G C Lichtenberg: “It is as if our languages were confounded: when we want a thought, they bring us a word; when we ask for a word, they give us a dash; and when we expect a dash, there comes a piece of bawdy.”

H. P. Lovecraft: "What a man does for pay is of little significance. What he is, as a sensitive instrument responsive to the world's beauty, is everything!"

Martin Amis: “Gogol is funny, Tolstoy in his merciless clarity is funny, and Dostoyevsky, funnily enough, is very funny indeed; moreover, the final generation of Russian literature, before it was destroyed by Lenin and Stalin, remained emphatically comic — Bunin, Bely, Bulgakov, Zamyatin. The novel is comic because life is comic (until the inevitable tragedy of the fifth act);...”

Werner Herzog: “We are surrounded by worn-out, banal, useless and exhausted images, limping and dragging themselves behind the rest of our cultural evolution.”

John Gray: "Unlike Schopenhauer, who lamented the human lot, Leopardi believed that the best response to life is laughter. What fascinated Schopenhauer, along with many later writers, was Leopardi’s insistence that illusion is necessary to human happiness."

Justin E.H. Smith: “One should of course take seriously serious efforts to improve society. But when these efforts fail, in whole or in part, it is only humor that offers redemption. So far, human expectations have always been strained, and have always come, give or take a bit, to nothing. In this respect reality itself has the form of a joke, and humor the force of truth.”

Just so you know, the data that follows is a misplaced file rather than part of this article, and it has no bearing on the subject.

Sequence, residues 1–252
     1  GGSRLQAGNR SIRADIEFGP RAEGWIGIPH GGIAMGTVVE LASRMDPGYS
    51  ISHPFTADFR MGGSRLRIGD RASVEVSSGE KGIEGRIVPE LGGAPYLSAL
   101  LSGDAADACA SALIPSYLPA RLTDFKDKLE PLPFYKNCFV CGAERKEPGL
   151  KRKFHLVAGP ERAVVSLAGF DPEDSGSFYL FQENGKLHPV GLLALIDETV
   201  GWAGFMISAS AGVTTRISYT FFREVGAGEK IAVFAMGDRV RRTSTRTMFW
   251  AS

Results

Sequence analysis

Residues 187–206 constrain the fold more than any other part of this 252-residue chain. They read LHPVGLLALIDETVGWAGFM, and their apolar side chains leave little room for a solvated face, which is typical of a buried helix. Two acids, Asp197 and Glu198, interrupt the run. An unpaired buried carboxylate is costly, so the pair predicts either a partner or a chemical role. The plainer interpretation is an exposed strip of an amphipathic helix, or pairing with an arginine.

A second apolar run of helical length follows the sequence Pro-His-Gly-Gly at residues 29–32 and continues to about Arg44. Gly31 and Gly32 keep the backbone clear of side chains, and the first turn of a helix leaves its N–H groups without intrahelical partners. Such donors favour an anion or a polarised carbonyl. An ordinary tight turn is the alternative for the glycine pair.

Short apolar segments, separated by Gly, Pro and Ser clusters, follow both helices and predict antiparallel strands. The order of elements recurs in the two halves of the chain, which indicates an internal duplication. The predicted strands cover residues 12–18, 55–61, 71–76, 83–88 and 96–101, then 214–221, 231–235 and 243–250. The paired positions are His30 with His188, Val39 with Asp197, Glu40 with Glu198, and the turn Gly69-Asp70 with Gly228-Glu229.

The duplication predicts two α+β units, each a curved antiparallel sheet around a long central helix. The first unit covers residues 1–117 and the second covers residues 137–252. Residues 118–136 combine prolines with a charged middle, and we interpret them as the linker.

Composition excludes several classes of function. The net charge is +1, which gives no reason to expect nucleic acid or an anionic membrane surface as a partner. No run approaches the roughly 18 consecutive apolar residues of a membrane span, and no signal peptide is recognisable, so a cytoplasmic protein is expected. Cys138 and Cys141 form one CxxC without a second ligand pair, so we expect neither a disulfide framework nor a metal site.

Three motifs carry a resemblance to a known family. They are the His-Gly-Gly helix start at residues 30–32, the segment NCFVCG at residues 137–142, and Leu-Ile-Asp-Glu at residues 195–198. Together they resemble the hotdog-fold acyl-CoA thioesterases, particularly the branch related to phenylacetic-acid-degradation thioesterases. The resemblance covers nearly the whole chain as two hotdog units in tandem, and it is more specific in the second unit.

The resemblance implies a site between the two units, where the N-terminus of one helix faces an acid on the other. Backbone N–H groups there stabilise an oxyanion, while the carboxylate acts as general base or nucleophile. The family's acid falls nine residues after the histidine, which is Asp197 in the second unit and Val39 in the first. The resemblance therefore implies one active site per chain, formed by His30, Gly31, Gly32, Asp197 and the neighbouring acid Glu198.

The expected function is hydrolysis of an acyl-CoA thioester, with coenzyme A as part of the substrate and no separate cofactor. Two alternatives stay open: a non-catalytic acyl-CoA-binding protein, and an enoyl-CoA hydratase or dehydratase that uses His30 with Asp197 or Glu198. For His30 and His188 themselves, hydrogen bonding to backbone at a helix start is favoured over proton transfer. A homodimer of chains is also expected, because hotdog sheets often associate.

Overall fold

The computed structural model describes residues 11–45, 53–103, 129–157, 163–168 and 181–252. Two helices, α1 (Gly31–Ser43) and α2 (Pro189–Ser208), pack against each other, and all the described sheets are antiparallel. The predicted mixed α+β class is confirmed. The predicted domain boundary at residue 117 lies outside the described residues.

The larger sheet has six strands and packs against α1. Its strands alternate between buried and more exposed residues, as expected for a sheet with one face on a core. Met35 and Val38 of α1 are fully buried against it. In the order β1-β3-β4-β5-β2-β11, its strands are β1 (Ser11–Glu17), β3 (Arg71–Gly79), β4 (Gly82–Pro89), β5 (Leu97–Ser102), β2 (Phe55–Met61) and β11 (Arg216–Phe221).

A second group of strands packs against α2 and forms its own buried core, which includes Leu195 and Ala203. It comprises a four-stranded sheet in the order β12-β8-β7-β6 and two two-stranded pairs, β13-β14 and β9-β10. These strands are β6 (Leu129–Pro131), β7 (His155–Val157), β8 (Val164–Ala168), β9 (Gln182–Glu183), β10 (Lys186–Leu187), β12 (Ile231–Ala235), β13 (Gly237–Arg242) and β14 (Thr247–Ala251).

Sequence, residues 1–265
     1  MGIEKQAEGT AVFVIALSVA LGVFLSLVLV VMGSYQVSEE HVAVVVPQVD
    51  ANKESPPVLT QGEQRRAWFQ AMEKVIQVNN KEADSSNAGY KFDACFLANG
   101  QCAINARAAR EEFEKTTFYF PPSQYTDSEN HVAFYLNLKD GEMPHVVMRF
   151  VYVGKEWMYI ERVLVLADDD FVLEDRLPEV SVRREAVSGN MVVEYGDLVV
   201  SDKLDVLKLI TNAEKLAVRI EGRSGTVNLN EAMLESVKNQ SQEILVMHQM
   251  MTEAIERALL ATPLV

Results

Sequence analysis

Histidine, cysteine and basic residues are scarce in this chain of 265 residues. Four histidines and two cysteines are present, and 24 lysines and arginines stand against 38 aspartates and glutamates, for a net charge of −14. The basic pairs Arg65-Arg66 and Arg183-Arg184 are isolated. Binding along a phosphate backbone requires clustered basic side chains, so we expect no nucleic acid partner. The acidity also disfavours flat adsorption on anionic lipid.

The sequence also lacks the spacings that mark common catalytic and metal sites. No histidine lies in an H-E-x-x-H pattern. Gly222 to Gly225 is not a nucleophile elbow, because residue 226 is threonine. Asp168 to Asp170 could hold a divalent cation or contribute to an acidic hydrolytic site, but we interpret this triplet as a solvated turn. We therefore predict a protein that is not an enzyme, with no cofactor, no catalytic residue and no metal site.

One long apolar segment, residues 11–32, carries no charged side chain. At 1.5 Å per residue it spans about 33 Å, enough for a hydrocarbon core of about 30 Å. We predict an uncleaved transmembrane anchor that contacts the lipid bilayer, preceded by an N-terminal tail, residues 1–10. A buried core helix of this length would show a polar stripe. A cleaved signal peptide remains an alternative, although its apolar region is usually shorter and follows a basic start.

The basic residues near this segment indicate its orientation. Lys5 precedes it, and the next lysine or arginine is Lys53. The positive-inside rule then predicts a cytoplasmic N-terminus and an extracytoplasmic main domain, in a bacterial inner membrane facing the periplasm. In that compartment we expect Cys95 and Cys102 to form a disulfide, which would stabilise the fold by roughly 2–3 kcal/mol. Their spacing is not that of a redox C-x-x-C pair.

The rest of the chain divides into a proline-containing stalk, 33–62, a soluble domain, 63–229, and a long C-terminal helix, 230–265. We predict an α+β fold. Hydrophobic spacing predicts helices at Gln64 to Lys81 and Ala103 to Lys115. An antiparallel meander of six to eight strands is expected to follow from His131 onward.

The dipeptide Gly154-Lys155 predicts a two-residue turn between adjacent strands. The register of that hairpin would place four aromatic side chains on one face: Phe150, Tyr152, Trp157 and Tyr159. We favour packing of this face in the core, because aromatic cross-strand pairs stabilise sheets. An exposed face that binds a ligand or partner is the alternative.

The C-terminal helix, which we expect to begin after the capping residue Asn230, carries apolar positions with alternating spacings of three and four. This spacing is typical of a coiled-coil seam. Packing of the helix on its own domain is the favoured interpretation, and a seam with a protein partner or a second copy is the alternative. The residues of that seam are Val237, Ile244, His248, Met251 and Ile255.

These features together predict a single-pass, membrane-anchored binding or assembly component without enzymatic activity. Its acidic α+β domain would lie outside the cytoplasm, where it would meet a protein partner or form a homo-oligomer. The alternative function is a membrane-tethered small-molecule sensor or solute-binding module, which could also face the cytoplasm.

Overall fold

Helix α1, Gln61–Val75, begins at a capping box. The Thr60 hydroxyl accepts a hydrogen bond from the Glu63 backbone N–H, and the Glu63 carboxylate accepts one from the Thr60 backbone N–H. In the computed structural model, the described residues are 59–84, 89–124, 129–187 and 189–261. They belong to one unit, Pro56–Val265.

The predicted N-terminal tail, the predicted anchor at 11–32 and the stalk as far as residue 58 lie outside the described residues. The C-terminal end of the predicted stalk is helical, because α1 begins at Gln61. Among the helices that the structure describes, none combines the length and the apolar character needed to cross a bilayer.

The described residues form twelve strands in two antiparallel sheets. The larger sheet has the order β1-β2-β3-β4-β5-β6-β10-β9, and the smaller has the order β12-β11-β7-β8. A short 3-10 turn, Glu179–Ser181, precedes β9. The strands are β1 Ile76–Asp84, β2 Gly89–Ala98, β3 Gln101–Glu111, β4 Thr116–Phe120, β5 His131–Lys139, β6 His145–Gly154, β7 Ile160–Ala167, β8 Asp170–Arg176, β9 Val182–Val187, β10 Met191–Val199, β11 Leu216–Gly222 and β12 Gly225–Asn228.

विलास सारंग: "… . . 1000 नंतर ज्या प्रकारची संस्कृती रुढ झाली , त्यामध्ये साधारणत्व विश्वात्मकता हे गुण प्राय: लुप्त झाले...आपली संस्कृती अकाली विश्वात्मक साधारणतेला मुकली आहे."

Thursday, May 26, 2016

How My Hair is Growing Thin: J. Alfred Prufrock@100, Me at@56


We are still in the 100th anniversary year of  T. S Eliot's great poem 'The Love Song of J. Alfred Prufrock'


"...And indeed there will be time
To wonder, “Do I dare?” and, “Do I dare?”
Time to turn back and descend the stair,
With a bald spot in the middle of my hair —
(They will say: “How his hair is growing thin!”)..."

Artist: Julian Peters

Sunday, May 22, 2016

Anju, Can You Get Me That Antelope?

Today May 22 2016 is our 29th wedding anniversary...This cartoon kinda sums up the story of our life together.....


#AloneTVwatching, #mixingupTVwithreal life, #makingimpossibledemandsonspouse, #Selfiedecoratesthe wall, #emptyvanity


Monday, May 16, 2016

माओ भटजींचे मित्र-सत्र...कै. गो. पु. देशपांडे, आज तुम्ही हवे होता!...Torture & Slaughter in Fantasy Land...The Cultural Revolution@50


Today May 16 2016 is 50th anniversary of the launch of the Cultural Revolution (CR) in China



 “History has proven that the cultural revolution was a complete mistake, it is not and could never be a revolution or social progress in any sense. We won’t and will never allow a mistake like the “cultural revolution” to happen again.”
 
Steven Weinberg, 'Five and a Half Utopias', January 2000: